Most states also have mandatory motor vehicle liability insurance regulations that require a legally stopped motorist to show proof of liability insurance as well as a valid driver’s license. Even other states require that a motorist show the vehicles registration along with a valid driver’s license and proof of liability insurance. Further, many states have mandatory yearly vehicle safety inspection requirements that the police use as an excuse to stop motorists. All states have yearly vehicle license plate renewal requirements that police use as an excuse to stop motorists. Commercial trucks and their drivers have even more government requirements. The government has also been given another tool to use as a means to require individuals to identify themselves. That is under the use of the Patriot Act which will not be discussed here.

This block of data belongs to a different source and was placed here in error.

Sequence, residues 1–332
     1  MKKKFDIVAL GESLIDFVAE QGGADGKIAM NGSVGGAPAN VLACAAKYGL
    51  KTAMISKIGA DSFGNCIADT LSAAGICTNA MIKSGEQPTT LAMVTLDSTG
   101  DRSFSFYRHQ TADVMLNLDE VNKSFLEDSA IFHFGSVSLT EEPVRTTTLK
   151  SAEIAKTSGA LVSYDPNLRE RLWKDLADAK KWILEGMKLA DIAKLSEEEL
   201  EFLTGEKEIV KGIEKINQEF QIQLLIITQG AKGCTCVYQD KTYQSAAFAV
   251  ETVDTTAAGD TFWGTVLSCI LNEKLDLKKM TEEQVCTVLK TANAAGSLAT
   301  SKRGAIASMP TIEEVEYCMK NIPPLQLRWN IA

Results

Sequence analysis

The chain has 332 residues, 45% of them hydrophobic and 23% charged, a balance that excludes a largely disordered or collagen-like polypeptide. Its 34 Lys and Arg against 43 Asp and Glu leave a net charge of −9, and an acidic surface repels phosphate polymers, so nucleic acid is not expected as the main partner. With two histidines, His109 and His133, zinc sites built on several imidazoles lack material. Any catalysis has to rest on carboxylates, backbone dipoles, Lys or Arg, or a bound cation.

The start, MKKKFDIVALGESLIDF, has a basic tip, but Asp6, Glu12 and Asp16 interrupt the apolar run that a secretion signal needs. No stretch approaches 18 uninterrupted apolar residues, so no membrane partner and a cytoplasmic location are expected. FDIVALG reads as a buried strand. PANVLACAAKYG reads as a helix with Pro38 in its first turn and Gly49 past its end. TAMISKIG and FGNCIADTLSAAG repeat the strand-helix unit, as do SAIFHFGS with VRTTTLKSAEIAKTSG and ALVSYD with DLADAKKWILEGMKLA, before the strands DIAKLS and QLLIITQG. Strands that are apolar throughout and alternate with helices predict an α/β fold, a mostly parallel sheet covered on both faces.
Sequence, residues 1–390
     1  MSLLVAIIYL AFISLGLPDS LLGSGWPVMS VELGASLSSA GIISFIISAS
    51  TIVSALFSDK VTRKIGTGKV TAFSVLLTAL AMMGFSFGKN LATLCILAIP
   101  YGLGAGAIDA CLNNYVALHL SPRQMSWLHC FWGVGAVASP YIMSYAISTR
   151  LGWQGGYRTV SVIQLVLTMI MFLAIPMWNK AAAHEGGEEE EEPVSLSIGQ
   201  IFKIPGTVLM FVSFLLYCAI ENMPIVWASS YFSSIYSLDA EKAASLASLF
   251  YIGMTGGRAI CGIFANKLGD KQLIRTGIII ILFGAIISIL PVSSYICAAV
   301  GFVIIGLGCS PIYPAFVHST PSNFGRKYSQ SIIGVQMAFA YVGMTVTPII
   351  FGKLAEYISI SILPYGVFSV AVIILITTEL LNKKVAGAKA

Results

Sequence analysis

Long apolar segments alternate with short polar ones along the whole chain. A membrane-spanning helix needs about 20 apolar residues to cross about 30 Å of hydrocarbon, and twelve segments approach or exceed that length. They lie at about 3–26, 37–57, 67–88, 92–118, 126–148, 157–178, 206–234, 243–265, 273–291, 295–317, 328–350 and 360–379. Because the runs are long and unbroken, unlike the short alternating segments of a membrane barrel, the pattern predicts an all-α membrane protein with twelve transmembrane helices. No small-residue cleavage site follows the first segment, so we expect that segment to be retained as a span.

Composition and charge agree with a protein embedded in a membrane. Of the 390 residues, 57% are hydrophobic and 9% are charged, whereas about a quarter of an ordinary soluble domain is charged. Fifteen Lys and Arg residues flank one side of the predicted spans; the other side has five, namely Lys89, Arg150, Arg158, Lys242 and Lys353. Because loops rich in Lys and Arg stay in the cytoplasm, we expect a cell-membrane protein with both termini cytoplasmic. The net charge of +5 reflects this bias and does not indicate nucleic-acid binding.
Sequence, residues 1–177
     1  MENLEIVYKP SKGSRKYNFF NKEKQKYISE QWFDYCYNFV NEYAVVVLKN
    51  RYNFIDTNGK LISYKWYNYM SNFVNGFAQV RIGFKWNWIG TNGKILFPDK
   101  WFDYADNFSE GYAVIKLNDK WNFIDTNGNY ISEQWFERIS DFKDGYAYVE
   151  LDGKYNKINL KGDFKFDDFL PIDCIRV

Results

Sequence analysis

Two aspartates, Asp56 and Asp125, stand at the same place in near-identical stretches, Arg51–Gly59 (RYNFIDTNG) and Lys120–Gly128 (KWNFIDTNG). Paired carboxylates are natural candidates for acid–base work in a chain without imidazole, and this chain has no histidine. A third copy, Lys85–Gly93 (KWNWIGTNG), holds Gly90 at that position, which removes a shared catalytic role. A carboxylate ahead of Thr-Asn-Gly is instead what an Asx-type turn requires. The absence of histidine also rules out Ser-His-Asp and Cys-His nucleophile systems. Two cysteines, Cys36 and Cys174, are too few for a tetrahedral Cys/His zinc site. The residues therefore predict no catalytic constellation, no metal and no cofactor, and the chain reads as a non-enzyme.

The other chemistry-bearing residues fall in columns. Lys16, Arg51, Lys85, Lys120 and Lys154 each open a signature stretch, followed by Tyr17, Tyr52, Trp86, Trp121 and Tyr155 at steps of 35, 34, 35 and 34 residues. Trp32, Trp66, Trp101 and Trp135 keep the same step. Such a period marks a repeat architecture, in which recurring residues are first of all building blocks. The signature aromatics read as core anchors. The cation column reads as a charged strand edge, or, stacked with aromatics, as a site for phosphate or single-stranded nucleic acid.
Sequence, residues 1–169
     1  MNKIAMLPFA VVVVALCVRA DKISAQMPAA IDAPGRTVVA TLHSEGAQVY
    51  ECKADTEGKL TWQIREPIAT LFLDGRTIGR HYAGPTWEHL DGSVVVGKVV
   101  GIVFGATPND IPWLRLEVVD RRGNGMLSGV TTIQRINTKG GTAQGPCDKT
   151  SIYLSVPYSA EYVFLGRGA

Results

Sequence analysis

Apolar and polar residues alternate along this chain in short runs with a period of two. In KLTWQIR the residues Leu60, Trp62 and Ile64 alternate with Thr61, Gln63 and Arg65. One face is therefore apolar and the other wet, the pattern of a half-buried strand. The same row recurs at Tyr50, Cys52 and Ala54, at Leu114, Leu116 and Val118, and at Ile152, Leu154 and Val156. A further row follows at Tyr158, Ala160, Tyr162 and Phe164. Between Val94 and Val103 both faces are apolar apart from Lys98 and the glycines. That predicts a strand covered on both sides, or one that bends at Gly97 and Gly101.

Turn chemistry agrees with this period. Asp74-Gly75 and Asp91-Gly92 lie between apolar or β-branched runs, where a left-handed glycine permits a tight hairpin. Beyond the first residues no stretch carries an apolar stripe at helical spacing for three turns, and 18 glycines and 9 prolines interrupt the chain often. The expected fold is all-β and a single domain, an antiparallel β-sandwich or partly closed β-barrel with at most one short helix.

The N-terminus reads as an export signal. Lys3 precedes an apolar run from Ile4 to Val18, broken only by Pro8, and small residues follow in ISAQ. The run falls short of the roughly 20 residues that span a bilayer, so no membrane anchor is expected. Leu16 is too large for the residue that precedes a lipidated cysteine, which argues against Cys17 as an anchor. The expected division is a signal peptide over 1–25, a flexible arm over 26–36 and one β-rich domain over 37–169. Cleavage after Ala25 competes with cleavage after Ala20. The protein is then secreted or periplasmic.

The 24 States that had stop-and-identify laws as of April 2008:
Alabama — Ala. Code, Section 15-5-30
Arizona — Ari. Rev. Stat. Tit. 13, Ch. 24-12
Arkansas — Ark. Code Ann. Section 5-71-213(a)(1)
Colorado — Colo. Rev. Stat., Section 16-3-103(1)
Delaware — Del. Code Ann., Tit. 11, Section 1902
Florida — Fla. Stat., Section 856.021(2)
Georgia — Ga. Code Ann., Section 16-11-36(b)
Illinois — Ill. Comp. Stat., ch. 725, Section 5/107-14
Indiana — Indiana Code, Section 34-28-5-3.5
Kansas — Kan. Stat. Ann. Section 22-2402(1)
Louisiana — La. Code Crim. Proc. Ann. Art. 215.1(a)
Missouri — Mo. Rev. Stat., Section 84.710(2)
Montana — Mont. Code Ann. Section 46-5-401
Nebraska — Neb. Rev. Stat., Section 29-829
Nevada — Nev. Rev. Stat., Section 171.123
New Hampshire — N.H. Rev. Stat. Ann., Section 594.2
New Mexico — N.M. Stat. Ann., Section 30-22-3
New York — N.Y. Crim. Proc. Law (CPL)
North Dakota — N.D. Cent. Code, Section 29-29-21
Ohio — Ohio Rev. Code, Section 2921.29
Rhode Island — R.I. Gen. Laws, Section 12-7-1
Utah — Utah Code Ann., Section 77-7-15
Vermont — Vt. Stat. Ann., Tit. 24, Section 1983
Wisconsin — Wis. Stat., Section 968.24